The Open Road (2009)
Road Trip 101, Designed By Committee. That should have been the alternate title for The Open Road, a film so average it should come pre-packaged with a letter of apology for not trying harder. It’s not a terrible film – it’s competently made, functionally scripted and quite well acted. It’s just that the trip taken by Carlton Garrett (Justin Timberlake) to collect his father Kyle (Jeff Bridges) to visit his dying mother Katherine (Mary Steenburgen) is so clichéd that déjà vu is likely the only feeling you’ll experience while watching it. Emotions come and go, but they feel like items on a checklist being ticked off. It’s not like I can complain that the characters are underwritten – there are lots of relationships at the centre of The Open Road. But I wasn’t able to care about any of them as I tried desperately to shrug off the feeling of familiarity.
Writer/director Michael Meredith previously made Three Days Of Rain (2002), a drama about loneliness and isolation, and the passing days of peoples lives. The film told six Chekov stories over a three day rainstorm in Cleveland and it was, while not perfect, much more ambitious than this picture. The Open Road is a film I expect to see mid-afternoon on Channel 5, and one day I probably will. For now it skips a cinema release and lands direct to DVD which is probably where it’ll work best – given the chance of an ad break you might just skip the film altogether. It’s not especially cinematic, either. DoP Yaron Orbach, who has done terrific work in the past, brings a basic palette to the film, which looks perfectly fine but never anything more. There’s the opportunity for some great imagery – a hot summer night at a baseball stadium and long stretches of lush countryside – but he coasts, and the aesthetic is bland. Having said that, the film is shot in Summer and the sun gives the images a softness; grass seems a little greener, the sky bluer. The cinematographer manipulates this, sure, but it’s the weather that grants The Open Road a light, breezy tone. Meredith’s direction also feels by-the-book. There’s nothing wrong with the way he observes his characters, but nothing particularly interesting about it either. He doesn’t emotionally engage with his camera, using it as a tool of observation rather than reflection. Simple shot-reverse-shots make up most conversations, and he seems completely uninterested in expressing feeling through direction. Cameron Crowe shoots thorough a sentimental lens. Ingmar Bergman shot through a bleak one. Meredith’s is completely ineffectual – it just sits there and lets stuff happen in front of it.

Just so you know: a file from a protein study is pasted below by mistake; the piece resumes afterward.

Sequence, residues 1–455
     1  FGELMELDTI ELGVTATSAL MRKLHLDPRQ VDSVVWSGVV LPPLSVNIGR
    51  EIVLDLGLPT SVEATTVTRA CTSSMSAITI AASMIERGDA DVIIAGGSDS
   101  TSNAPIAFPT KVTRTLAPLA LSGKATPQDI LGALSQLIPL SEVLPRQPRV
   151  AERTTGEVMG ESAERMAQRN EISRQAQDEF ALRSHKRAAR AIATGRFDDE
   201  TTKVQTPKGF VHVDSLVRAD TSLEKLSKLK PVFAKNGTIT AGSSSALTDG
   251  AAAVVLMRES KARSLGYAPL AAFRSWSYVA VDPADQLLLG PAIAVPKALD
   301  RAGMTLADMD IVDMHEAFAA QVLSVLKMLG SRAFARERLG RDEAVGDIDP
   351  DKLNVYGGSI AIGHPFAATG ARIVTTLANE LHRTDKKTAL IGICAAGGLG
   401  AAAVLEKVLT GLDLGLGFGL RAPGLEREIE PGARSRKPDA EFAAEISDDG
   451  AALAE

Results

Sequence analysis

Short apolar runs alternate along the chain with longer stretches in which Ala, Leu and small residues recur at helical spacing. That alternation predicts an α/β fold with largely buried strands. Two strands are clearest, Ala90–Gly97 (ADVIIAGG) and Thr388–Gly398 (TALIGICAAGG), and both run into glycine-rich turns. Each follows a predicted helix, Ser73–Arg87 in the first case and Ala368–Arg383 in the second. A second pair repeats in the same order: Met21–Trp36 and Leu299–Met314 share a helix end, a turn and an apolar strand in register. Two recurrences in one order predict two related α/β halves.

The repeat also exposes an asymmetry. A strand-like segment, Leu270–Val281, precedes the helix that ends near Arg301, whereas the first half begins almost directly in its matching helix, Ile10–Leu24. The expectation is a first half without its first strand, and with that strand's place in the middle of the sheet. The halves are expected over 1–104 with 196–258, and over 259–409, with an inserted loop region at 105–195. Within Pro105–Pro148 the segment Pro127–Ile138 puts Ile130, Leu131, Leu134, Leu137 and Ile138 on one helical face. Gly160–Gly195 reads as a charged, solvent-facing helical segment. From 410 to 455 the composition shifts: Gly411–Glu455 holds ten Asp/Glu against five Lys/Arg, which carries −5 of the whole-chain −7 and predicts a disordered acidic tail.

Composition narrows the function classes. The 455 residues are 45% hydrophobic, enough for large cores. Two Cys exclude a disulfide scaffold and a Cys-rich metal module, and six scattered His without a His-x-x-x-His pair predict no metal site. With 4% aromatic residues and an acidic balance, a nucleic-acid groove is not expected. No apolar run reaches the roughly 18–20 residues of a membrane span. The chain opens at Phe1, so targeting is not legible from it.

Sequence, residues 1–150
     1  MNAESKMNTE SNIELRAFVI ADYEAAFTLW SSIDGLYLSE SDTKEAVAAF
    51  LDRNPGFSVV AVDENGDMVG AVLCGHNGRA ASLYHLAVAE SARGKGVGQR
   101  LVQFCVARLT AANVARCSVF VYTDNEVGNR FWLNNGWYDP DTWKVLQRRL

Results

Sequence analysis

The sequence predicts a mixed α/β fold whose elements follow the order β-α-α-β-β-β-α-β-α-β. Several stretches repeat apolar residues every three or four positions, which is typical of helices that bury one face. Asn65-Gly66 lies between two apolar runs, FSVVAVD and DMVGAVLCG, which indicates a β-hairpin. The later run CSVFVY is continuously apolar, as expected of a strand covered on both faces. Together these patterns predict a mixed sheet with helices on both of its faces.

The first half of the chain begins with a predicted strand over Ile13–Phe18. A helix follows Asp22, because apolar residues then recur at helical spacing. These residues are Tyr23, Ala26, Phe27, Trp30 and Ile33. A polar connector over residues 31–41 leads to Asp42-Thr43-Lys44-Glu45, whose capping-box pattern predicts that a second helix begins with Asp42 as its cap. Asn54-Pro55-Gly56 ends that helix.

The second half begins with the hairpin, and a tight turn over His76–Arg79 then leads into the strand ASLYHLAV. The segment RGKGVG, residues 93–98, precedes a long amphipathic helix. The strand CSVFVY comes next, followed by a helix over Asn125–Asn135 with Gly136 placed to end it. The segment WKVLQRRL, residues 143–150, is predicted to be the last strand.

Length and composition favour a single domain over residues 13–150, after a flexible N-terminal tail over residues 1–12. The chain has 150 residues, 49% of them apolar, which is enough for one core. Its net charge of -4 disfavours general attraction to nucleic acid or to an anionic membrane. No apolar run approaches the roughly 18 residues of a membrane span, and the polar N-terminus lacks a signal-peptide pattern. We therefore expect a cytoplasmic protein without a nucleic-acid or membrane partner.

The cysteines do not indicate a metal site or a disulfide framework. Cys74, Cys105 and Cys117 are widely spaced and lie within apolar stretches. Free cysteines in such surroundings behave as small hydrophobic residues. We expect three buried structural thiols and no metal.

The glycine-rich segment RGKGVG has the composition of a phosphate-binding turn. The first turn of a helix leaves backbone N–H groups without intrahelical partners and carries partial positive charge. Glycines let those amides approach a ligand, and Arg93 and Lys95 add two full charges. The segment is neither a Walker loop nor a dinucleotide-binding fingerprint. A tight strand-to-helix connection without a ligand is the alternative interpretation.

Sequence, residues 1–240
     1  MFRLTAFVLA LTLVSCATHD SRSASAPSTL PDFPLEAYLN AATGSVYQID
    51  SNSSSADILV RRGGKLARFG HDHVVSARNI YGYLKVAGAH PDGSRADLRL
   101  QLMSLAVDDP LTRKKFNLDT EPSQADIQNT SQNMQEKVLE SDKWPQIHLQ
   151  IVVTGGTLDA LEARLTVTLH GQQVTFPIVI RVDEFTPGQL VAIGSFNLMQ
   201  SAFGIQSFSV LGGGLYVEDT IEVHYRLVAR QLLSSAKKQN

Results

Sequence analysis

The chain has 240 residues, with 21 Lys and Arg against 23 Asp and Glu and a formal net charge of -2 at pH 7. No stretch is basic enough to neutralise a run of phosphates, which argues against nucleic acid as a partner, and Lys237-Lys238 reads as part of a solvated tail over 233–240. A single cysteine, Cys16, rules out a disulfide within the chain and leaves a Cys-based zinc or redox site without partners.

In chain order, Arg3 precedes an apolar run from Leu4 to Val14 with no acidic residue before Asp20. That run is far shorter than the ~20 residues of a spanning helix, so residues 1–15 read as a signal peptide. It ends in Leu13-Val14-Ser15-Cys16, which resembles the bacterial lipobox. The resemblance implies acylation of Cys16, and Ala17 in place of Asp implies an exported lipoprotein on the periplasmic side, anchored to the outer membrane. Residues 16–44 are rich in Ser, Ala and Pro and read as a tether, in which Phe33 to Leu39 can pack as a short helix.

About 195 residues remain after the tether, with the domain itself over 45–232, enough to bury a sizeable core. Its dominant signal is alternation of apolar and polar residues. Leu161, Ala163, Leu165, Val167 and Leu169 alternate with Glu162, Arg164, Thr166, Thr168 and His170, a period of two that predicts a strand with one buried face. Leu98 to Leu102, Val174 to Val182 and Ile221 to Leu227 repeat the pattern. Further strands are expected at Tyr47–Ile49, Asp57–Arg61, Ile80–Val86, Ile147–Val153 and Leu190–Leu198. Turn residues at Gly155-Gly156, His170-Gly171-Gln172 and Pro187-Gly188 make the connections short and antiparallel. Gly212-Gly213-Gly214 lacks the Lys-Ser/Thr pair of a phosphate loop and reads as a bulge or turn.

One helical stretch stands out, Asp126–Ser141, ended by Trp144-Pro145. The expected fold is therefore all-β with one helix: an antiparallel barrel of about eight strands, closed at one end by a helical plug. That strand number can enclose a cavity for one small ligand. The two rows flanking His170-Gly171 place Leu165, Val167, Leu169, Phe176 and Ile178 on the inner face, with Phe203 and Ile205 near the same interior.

Justin Timberlake, who was great in The Social Network (Fincher, 2010), struggles to find the balance between charisma and pathos that is required for the role of Garrett, frequently sounding whiny rather than pensively troubled. Kate Mara fares a little better in an under-written role, but the film may have been stronger without her. One thing the film does successfully is paint a connected family unit, including a grandfather played by Harry Dean Stanton (always a delight), but as Garret’s ex-lover and best friend Mara seems a loose plot strand. So it’s left up to Jeff Bridges to get his acting hat on and deliver a solid performance as Kyle, a wandering ex-star who now seems to be coasting on the wealth afforded him by a life on the field rather than at home. He wasn’t a bad father, it seems. Just an unfocused one, who feared commitment and responsibility. “I don’t owe you anything” he shouts at one point, and to him that’s the truth. It’s one of Bridge’s more scenery chewing performances, all grand gestures and well-chewed dialogue, but he invests the character with a hidden sadness; the realization that his life could have been more than the place he’s in now. He’s really terrific, and the film probably warrants a viewing just for his performance.
I’m writing this review on Wednesday, and I viewed the film on Tuesday. I can hardly remember a single scene, but that’s not necessarily a bad thing. I may have seen it all before, but watching The Open Road was an enjoyable experience for the most part. It has moments of insight, and moments of warmth – the problem is simply that they’re too sporadic, and don’t mark themselves out as individual. It zips along at just over 80 minutes, and I laughed a couple of times. Bridges keeps afloat a sinking ship that I’ll recommend for his performance, but otherwise would say to skip. If you’ve seen any kind of road trip movie, The Open Road will feel like a route well-travelled…
The Open Road is out on DVD 25th April 2011.
Director: Michael Meredith
Stars: Justin Timberlake, Ted Danson, Harry Dean Stanton, Jeff Bridges, Kate Mara
Runtime: 90 min